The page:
Joseph Beuys (12 May 1921 – 23 January 1986) is widely regarded as one of the most important and influential artists of the second half of the 20th century. He was a German Fluxus, happening, and performance artist as well as a painter, sculptor, installation artist, graphic artist, art theorist, and pedagogue. His extensive work is grounded in concepts of humanism, social philosophy and anthroposophy; it culminates in his "extended definition of art" and the idea of social sculpture as a Gesamtkunstwerk, for which he claimed a creative, participatory role in shaping society and politics. His career was characterized by open public debates on a very wide range of subjects including political, environmental, social and long-term cultural trends.
The Social Sculptures event series begins with a ten-day workshop facilitated by cultural practitioners and artists whose practices are inspired by and draw from Joseph Beuys' social-sculpture projects. The workshop will run from 19 to 29 April 2021 and will be focusing on the concept of social sculpture, which Beuys developed in the early 1970s. His impactful term is centred on the belief that art could include the entire process of living – thoughts, actions, conversation, and objects – and could be enacted collectively by a wide range of people beyond artists.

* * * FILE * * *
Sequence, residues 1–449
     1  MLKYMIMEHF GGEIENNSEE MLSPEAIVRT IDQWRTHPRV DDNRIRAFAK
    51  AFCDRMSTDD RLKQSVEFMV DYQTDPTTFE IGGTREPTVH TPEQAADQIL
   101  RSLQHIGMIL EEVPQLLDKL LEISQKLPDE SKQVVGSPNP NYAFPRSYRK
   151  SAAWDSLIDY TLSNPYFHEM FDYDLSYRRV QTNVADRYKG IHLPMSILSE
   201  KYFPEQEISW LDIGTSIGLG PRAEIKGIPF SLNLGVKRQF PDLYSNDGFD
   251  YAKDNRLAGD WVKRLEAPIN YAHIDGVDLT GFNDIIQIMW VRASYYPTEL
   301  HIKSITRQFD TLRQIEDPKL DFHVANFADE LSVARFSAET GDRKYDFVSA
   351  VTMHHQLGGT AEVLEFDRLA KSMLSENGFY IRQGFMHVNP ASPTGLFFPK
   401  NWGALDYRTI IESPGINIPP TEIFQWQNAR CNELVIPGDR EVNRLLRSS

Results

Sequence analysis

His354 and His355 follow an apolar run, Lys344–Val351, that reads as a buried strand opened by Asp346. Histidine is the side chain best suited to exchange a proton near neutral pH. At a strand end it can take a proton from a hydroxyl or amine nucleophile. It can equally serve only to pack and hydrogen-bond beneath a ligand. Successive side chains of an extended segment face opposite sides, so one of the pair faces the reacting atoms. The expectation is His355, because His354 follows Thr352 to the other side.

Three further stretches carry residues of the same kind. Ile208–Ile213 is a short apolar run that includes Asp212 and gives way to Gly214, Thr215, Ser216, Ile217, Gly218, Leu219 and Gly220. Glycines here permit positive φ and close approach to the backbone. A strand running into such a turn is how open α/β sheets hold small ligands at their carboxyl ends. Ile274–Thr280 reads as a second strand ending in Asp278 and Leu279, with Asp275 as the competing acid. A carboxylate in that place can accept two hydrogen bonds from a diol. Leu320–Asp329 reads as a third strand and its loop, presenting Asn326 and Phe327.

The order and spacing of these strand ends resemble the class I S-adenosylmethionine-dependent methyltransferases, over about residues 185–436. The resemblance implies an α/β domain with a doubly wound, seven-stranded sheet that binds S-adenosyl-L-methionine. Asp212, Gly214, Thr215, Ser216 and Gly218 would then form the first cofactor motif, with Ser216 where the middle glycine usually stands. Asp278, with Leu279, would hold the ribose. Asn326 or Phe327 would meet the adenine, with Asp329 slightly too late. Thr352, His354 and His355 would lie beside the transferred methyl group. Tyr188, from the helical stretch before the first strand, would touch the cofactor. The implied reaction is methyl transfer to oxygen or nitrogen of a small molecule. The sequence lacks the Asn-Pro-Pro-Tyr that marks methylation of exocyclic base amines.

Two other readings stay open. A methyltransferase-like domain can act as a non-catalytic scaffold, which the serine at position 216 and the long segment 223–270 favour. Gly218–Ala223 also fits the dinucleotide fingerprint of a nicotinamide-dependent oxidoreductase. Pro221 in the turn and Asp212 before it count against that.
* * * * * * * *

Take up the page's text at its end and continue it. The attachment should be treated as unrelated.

Social Sculptures: 10-day workshop for artists
The exhibition in September and October 2021 consists of artworks developed within the framework of the workshop.
Beuys in Film
Audiences will have the opportunity to get to know Beuys and his work through a selection of films. More information on the screening programme will be announced soon.